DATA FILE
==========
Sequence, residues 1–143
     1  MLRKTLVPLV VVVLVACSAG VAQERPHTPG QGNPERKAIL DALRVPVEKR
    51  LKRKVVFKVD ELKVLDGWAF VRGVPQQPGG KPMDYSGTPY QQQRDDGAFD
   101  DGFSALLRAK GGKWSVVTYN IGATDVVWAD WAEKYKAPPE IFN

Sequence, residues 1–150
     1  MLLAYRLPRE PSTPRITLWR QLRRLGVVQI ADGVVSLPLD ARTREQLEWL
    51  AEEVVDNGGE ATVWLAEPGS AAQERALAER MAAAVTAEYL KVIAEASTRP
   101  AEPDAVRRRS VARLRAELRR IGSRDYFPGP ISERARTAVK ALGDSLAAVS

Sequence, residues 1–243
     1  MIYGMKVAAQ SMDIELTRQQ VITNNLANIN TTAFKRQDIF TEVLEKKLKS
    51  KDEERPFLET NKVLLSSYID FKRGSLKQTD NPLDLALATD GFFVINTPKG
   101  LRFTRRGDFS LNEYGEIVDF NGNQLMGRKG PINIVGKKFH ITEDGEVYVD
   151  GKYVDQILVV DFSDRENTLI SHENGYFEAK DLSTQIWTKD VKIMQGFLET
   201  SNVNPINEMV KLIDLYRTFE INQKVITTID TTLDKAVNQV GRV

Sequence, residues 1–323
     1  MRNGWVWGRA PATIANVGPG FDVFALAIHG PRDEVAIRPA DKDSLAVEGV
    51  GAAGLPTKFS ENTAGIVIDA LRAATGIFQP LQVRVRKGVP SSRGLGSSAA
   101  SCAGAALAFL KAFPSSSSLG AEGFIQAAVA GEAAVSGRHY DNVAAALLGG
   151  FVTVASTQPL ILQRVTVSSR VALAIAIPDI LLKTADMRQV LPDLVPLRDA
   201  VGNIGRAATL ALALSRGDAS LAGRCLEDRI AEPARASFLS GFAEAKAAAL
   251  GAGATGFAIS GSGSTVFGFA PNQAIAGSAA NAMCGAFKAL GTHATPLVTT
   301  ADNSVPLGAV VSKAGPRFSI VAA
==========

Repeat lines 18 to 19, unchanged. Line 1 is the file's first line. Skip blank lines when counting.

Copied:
   101  SCAGAALAFL KAFPSSSSLG AEGFIQAAVA GEAAVSGRHY DNVAAALLGG
   151  FVTVASTQPL ILQRVTVSSR VALAIAIPDI LLKTADMRQV LPDLVPLRDA